Saundia’s sweetest “Honey” is here

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L.A. Based artist SAUDIA has only recently been publishing, but she has been producing and writing music for many years. Her sound is described by many as spiritual, new-earth and soulful; she uses her music to communicate stories and feelings that touch people at their very core, whether they personally relate or not. After many life-changing experiences she gained absolute clarity into what she wanted to do and say, she focused on perfecting her craft and released her first single in 2022. 

“Honey” deals with very delicate themes like addiction and self-destructive cycles. Having a deeper look into it, the pain in her vocals and lyrics is very much discernible, however, as the song goes on it suddenly shifts into something uplifting. This change can be interpreted in many ways: self-love, community, a higher power, a higher self, or simply an intangible will. The song finally climaxes by bringing us to a place of complete freedom and release that details the journey from the lowest lows to soaring new heights.

In this exclusive interview with LADYGUNN ahead of the release of her new song, “Honey”, SAUNDIA talks to us about her life and career, what drove her into making music and the challenges of being a woman in the indie music scene.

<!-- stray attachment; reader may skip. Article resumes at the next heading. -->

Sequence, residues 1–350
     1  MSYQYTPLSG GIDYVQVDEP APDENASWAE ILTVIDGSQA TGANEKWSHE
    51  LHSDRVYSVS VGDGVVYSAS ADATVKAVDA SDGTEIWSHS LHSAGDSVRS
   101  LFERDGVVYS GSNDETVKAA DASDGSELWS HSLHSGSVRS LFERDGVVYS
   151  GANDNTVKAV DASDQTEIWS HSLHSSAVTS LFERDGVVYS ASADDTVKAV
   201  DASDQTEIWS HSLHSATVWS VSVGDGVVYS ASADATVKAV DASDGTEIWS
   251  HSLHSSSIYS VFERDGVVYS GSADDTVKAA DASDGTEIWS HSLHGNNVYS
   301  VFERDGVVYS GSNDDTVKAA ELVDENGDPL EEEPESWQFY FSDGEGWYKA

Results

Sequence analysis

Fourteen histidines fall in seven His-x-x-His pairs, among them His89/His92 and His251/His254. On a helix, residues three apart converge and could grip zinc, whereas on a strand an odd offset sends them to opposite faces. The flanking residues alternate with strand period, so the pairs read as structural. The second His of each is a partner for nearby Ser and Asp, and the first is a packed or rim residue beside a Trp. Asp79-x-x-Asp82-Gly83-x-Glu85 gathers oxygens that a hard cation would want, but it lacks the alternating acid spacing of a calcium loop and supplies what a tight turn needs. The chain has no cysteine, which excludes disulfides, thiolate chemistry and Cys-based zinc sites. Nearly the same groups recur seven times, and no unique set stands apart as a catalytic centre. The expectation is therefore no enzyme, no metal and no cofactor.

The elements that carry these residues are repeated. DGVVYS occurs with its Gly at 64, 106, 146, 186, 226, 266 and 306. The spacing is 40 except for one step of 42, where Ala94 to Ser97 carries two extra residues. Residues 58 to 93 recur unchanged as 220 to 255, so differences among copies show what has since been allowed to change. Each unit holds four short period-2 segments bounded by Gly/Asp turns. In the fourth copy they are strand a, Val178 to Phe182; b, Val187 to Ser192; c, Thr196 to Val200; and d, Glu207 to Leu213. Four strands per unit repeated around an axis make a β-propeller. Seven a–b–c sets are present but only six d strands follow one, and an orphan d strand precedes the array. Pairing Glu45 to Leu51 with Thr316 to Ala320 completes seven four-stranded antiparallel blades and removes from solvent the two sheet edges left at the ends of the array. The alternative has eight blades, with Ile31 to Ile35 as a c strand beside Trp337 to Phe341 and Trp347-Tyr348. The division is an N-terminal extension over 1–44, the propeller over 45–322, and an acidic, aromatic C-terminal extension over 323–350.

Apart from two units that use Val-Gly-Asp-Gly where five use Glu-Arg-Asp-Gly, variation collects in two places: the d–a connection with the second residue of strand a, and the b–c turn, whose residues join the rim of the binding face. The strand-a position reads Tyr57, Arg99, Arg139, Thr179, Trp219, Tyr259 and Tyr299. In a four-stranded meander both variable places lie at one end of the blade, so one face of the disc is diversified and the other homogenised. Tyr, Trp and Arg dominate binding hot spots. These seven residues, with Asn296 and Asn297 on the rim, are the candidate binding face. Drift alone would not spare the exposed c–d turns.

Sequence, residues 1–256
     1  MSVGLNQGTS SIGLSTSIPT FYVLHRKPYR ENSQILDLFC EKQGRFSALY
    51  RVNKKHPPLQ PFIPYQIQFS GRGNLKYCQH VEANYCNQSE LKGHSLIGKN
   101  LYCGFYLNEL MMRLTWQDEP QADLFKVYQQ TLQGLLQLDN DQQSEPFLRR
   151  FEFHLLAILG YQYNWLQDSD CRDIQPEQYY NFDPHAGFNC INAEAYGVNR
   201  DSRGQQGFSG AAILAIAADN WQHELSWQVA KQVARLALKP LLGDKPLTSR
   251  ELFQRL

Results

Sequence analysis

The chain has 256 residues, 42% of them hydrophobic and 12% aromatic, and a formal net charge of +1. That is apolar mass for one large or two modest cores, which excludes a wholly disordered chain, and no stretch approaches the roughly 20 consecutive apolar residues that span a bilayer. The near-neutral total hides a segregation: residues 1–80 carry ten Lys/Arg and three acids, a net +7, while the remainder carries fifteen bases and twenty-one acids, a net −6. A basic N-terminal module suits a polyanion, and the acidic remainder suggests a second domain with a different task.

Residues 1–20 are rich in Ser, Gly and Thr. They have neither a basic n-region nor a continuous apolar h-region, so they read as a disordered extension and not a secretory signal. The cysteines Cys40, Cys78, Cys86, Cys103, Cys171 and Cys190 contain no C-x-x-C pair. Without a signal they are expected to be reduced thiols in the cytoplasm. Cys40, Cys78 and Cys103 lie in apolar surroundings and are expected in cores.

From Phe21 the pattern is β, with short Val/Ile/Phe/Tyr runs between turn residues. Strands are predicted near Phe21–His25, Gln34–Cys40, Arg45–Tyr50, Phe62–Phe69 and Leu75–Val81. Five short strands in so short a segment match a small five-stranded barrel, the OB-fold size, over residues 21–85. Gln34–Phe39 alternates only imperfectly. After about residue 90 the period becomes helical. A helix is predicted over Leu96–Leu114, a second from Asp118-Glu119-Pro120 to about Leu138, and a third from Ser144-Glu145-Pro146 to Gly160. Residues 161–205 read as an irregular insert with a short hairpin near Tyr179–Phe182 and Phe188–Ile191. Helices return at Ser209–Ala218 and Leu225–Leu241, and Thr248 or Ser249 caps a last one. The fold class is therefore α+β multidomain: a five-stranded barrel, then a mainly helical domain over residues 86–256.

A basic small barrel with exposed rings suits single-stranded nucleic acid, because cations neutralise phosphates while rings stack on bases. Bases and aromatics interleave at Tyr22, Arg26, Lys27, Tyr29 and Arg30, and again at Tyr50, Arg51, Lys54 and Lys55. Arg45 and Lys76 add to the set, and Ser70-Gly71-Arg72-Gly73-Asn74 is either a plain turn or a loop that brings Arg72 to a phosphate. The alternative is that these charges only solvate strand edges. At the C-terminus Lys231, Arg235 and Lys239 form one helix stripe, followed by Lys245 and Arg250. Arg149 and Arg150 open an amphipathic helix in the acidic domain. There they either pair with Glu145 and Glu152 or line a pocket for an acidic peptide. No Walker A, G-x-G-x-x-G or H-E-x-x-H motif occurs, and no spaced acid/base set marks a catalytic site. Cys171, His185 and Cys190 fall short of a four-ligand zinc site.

Tell us a bit about yourself. Who is SAUNDIA at this time in her life and career?


At this point in my life and career I’d say I am a channel. A channel for learning, teaching, and for bringing art into this world that serves an aligned purpose. What’s important to me right now is communicating something meaningful in a way that feels and sounds intuitive. Not only to me but to anyone who listens. I’m grateful to say I’m past the time in my life where I am focused on doing what I *think* I *should* be doing, and I feel the freedom and safety to do what I *know* I *want* to do. I hope that comes through in the music. And who knows, maybe it can empower other people to do the same.


Can you tell us how you got into music? When did you figure out it’s what you’re meant to be doing?


I wish I could point to a way or a time that I got into it. But it has always been such an intrinsic and obvious piece of who I am and how I experience the world around me. There was never a time in my life that I saw myself doing anything else.


How would you define yourself musically? What do you feel best represents your sound?


I would say that I make soulful and empowering music with a “New Earth” kind of flavor. I think what ultimately represents my sound is my voice. It’s the most powerful instrument for me. That’s why all my music is so vocally driven, beyond just the actual lead performance but through all the background vocals, harmonies, and counterpoints… every layered voice tells a part of the story.


Who would you cite as your main influences when making your music?